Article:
Pianist-Composer Gunnar Johansen Dead at 85
BLUE MOUNDS, Wis. (AP) _ Gunnar Johansen, a prolific pianist-composer and one of the first musicians to be an artist in residence at a U.S. university, has died. He was 85.
Johansen produced hundreds of solo piano pieces, sonatas, three concertos, several choral works and a symphonic work for the centennial of the University of Wisconsin-Madison, where he once taught.
Johansen died of liver cancer Saturday at his Blue Mounds home, his family said.
Born in Copenhagen, Johansen was named artist in residence at the Wisconsin school in 1939 and held the post until 1976. In addition to teaching, he performed several concert series on the university’s radio station.
In the 1950s, Johansen shifted the focus of his career to recording and had his own label, Artist Direct. He produced a vast discography, including 50 albums of Liszt works and 43 albums of Bach.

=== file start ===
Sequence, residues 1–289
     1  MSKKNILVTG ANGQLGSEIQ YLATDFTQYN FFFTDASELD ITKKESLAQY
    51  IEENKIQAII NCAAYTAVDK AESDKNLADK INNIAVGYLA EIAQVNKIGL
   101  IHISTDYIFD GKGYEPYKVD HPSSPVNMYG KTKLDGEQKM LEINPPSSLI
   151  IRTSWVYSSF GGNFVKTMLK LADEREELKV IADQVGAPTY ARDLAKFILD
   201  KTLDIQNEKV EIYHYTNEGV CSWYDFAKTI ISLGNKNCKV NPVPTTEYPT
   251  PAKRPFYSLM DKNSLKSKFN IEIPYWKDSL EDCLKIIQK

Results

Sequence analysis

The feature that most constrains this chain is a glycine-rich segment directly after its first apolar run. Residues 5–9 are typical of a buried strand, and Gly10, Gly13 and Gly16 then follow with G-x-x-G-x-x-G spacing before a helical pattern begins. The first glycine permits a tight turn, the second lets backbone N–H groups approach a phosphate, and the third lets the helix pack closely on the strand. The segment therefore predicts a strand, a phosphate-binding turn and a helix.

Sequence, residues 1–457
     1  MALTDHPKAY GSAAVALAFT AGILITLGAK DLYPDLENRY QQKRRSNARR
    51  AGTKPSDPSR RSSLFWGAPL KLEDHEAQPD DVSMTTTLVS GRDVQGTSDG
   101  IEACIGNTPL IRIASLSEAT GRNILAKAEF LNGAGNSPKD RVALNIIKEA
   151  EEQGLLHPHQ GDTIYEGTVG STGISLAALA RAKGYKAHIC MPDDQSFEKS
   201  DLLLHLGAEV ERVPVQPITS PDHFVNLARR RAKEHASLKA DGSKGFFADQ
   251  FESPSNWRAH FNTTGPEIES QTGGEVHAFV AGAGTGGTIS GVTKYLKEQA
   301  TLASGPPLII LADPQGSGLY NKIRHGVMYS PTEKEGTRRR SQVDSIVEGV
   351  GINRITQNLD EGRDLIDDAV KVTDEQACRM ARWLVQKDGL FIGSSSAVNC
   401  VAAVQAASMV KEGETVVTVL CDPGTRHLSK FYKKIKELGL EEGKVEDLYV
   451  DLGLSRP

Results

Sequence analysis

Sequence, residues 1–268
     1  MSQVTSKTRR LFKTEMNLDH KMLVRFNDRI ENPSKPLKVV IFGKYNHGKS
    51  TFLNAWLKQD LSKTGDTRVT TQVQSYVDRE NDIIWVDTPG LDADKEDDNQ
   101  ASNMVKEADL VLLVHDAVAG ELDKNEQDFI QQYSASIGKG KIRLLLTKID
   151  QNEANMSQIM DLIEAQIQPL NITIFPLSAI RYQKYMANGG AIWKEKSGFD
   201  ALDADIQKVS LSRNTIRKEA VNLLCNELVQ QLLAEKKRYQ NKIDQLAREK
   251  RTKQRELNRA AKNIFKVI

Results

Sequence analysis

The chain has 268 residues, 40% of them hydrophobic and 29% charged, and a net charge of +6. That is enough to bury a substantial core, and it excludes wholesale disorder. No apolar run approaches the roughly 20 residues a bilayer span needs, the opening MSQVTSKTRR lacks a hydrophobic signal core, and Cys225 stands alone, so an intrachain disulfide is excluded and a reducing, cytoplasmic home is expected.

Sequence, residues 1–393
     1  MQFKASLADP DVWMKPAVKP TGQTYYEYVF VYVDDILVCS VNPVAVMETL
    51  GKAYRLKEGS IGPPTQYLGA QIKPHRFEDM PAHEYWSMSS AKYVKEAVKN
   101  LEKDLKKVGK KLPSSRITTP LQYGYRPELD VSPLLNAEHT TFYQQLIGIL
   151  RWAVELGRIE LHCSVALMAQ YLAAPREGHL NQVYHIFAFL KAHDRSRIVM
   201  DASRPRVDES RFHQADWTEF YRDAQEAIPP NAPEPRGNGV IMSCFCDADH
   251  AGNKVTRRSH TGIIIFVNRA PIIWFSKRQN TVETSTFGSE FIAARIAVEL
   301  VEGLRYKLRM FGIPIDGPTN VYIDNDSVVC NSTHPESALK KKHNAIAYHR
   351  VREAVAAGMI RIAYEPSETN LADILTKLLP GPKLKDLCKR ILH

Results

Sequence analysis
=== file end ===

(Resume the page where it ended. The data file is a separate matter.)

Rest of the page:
Among his recordings are about 400 sonatas he improvised and called ″tape tapestries.″
In the 1930s, Johansen toured with a dozen concerts that traced the history of keyboard music. He played the series at the Wisconsin university in 1937 and the school invited him to become artist in residence.
Music wasn’t Johansen’s only interest.
In 1960, alarmed by what he considered an unhealthy trend toward specialization, Johansen founded the Leonardo Academy, an interdisciplinary study institute named for Leonardo da Vinci.
The academy, which didn’t have a permanent home, presented seminars at universities on cancer research, nutrition, aeronautics, fusion and other topics.
Johansen is survived by his wife, Lorraine, and two nephews.